This doesn’t bode well for the labor market.
American students carry an aggregate pile of student loan debt equivalent to roughly $1.5 trillion, a generational burden that has helped contribute to plunging birth rates, lower home-ownership rates among young people, and even lower rates of stock ownership, as more young people dedicate more financial resources to paying down debt.
But to gauge exactly how much a students’ finances factor into their decisions about which school to attend and which majors to choose, MidAmerica Nazarene University surveyed 2,000 recent graduates from around the country to learn more about how they financed their degrees, and how much they will owe after graduation.
Given the cost of higher education in the US, the majority of students answered that post-grad job prospects influenced the major they selected (those who answered ‘no’ either really enjoy studying STEM, or majored in gender studies).
It might seem surprising given the financial stakes, but the survey also showed that more than 60% of recent grads didn’t have jobs lined up when they received their diplomas.
For those who did choose their careers based on financial considerations, a majority said they would have picked another line of work if finances weren’t a consideration (but hey, we can’t all be artists).
Once upon a time, there wasn’t as much of a correlation between a students’ field of study and their eventual chosen career (investment bankers who studied English at Middlebury College wound up on Wall Street thanks to ‘Uncle Jim’s’ connections). But as the world of higher education becomes increasingly costly and cut throat, situations like this are becoming increasingly rare.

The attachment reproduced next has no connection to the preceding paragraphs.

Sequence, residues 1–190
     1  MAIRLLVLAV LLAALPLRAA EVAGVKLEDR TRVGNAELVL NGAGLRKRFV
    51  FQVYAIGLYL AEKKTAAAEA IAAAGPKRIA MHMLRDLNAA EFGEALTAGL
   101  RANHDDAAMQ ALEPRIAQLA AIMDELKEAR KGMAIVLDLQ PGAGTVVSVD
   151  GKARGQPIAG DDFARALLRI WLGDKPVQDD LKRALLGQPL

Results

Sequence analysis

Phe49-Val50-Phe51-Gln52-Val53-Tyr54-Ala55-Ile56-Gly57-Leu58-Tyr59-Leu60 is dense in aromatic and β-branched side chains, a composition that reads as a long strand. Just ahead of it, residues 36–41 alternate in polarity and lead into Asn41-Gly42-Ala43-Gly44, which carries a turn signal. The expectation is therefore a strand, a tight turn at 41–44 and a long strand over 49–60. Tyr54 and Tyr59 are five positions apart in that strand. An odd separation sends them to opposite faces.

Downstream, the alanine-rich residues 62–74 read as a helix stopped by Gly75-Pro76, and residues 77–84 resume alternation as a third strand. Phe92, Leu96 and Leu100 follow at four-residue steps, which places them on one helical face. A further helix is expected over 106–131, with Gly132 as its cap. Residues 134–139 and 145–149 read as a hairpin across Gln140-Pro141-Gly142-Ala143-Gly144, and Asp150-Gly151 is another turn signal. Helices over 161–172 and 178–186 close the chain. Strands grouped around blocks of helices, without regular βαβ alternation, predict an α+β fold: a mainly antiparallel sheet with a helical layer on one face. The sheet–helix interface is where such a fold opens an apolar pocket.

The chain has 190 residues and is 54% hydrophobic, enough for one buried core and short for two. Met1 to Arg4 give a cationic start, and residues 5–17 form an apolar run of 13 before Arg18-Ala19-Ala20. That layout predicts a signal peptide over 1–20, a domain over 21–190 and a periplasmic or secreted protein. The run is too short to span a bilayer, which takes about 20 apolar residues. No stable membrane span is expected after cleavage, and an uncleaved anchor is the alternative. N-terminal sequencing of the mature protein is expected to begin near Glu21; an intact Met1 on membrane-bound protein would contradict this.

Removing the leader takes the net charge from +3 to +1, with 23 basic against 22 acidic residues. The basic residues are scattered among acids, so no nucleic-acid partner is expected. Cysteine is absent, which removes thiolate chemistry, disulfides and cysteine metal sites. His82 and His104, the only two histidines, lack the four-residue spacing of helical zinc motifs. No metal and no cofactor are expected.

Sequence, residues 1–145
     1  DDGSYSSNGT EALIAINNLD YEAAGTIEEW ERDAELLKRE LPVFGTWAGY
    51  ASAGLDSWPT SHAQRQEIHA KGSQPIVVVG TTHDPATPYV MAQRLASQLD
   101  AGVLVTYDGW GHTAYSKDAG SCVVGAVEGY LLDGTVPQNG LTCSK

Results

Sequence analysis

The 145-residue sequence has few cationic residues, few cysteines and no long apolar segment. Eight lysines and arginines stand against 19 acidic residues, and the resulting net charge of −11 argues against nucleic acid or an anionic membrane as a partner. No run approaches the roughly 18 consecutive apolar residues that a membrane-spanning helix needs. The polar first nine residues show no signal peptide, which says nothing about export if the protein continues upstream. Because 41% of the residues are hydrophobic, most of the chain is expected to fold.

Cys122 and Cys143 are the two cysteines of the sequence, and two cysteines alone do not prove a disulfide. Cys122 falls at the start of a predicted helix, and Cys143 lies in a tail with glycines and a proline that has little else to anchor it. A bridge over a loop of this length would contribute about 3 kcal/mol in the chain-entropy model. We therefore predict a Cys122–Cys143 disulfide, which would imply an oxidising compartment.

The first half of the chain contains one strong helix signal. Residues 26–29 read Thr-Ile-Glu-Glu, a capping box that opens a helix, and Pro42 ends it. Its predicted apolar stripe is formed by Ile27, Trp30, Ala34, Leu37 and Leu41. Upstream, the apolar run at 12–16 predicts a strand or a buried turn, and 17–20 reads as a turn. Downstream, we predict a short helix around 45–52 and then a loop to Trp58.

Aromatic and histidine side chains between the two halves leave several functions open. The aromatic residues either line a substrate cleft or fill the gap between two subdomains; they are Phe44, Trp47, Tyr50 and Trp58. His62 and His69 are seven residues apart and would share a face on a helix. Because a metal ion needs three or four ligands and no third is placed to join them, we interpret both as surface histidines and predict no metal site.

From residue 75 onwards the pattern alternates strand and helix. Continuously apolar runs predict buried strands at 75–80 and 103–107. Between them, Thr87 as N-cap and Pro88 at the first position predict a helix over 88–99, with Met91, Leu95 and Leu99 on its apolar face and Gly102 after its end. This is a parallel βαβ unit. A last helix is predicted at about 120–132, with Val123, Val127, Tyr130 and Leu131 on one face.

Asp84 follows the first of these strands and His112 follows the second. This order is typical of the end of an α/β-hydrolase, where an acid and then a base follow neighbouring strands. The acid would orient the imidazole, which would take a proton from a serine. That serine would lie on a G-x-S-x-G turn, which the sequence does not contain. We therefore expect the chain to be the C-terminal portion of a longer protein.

One of the more telling data points in the study was the gauge of graduates’ feelings about the job market. Even with unemployment at multi-decade lows, a majority of graduates had a negative outlook on the job market.
The overwhelming majority of students took out loans to pay for some or all of college, with 71% taking out loans and the average amount borrowed equivalent to just over $25,000.
In addition to taking on loans, most college students receive at least some help from family members or other sources, as only one-quarter of respondents said they completely self-financed their degree.
On average, students expect to pay off their loans in 9.5 years, meaning that most of these students will be in their mid-30s when they finally reach a zero balance.
Imagine what that number would be if students had no help from their families?